Then click the context menu ``Show thread X'' to activate the thread view.
To select a group of threads, use the thread selection window by clicking the thread-view button from the calling-context view.
On the thread selection window, one needs to select the checkbox of the threads of interest.
To narrow the list, one can specify the thread name on the filter part of the window.
Recall that the format of the thread is ``process_id . thread_id''.
Hence, to specify just a main thread (thread zero), one can type '.0' on the filter, and the view only list threads 0 (such as 1.0, 2.0, 3.0).
Once threads have been selected, click OK,
and the Thread view will be activated.
The tree of the view is the same as the tree from calling context view, with the metrics only from the selected threads.
If there are more than one selected threads, the metrics are the average of the values of the selected threads.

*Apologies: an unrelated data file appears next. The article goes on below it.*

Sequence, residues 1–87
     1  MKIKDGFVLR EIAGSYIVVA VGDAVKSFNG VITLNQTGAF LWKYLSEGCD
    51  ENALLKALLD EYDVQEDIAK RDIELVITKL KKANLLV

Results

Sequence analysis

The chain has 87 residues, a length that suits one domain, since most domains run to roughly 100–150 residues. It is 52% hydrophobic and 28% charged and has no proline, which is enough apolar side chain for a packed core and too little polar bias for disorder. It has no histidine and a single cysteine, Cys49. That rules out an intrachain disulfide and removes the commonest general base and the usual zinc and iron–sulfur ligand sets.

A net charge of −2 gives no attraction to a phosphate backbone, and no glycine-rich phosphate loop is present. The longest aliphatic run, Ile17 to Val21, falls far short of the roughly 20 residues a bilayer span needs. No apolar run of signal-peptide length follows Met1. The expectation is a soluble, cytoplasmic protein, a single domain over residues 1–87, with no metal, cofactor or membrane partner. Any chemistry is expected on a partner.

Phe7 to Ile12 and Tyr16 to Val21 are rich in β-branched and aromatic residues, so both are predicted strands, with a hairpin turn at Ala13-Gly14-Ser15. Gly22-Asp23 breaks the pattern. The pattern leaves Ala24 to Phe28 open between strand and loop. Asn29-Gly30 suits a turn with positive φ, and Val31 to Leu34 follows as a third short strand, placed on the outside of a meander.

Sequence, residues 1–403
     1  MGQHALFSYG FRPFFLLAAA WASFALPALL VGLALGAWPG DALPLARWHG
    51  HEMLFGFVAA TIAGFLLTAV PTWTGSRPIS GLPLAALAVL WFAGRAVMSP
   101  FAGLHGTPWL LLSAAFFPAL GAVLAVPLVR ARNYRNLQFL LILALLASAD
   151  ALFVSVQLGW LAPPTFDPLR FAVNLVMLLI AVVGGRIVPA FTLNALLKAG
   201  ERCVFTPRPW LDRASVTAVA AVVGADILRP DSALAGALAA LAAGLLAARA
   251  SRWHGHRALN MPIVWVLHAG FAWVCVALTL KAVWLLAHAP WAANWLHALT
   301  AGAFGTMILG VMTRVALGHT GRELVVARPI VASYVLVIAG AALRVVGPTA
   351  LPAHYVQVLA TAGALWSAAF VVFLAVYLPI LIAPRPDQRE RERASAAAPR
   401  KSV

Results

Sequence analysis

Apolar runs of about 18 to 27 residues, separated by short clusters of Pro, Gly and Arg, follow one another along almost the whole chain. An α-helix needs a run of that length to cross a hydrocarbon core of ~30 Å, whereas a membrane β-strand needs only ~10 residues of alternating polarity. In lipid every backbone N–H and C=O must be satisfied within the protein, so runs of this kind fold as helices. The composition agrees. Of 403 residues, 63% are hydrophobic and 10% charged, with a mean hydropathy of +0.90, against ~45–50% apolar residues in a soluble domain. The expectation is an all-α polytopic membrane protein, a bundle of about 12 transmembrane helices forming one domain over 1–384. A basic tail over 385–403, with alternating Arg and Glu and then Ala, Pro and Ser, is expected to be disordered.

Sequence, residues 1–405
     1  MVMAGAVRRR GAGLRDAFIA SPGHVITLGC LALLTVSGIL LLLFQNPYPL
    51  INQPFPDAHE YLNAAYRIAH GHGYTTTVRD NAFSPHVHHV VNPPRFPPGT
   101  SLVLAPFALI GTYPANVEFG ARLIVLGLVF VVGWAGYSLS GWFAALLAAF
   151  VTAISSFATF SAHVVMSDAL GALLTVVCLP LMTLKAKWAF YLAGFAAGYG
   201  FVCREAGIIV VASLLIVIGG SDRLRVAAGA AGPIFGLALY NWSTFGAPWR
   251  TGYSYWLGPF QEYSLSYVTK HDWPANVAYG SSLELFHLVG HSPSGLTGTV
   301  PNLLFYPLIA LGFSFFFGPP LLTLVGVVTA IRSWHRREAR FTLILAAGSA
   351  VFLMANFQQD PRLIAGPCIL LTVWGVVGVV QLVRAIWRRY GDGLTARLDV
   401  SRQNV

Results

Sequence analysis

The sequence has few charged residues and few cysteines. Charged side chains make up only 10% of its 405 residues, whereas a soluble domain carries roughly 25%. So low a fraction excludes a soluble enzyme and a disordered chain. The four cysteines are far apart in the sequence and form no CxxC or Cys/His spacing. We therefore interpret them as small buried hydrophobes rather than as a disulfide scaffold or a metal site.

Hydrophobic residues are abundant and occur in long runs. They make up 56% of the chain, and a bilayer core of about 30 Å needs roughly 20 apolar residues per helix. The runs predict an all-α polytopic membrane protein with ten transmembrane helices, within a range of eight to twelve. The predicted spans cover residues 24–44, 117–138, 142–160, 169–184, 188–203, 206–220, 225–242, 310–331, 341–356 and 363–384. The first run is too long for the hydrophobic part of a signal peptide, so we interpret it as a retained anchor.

The browser window is split into three panes:
can display graphs of thread-level metric values.
This is useful for quickly assessing load imbalance across processes and threads.
To create a graph,
choose the calling context view and select an item in the navigation pane,
then pop up the context menu by right-clicking the item.
A list of graphable metrics appears at the bottom of the context menu,
each with a sub-menu showing the three graph styles that hpcviewer
graph displays metrics by MPI rank and thread number;
The Sorted plot
graph displays metrics sorted by value;
and the Histogram
graph displays a barchart of metric value distributions.
Note: graphs are currently available only for databases created by hpcprof-mpi
(but not by hpcprof).
See Plotting Graphs of Thread-level Metric Values
in the User's Manual
for details and sample graphs.
provides five main menus:
This menu includes several menu items for controlling basic viewer operations.
This menu only contains one submenu:
- Show filter property
Open a filter property window which lists a set of filters and its properties.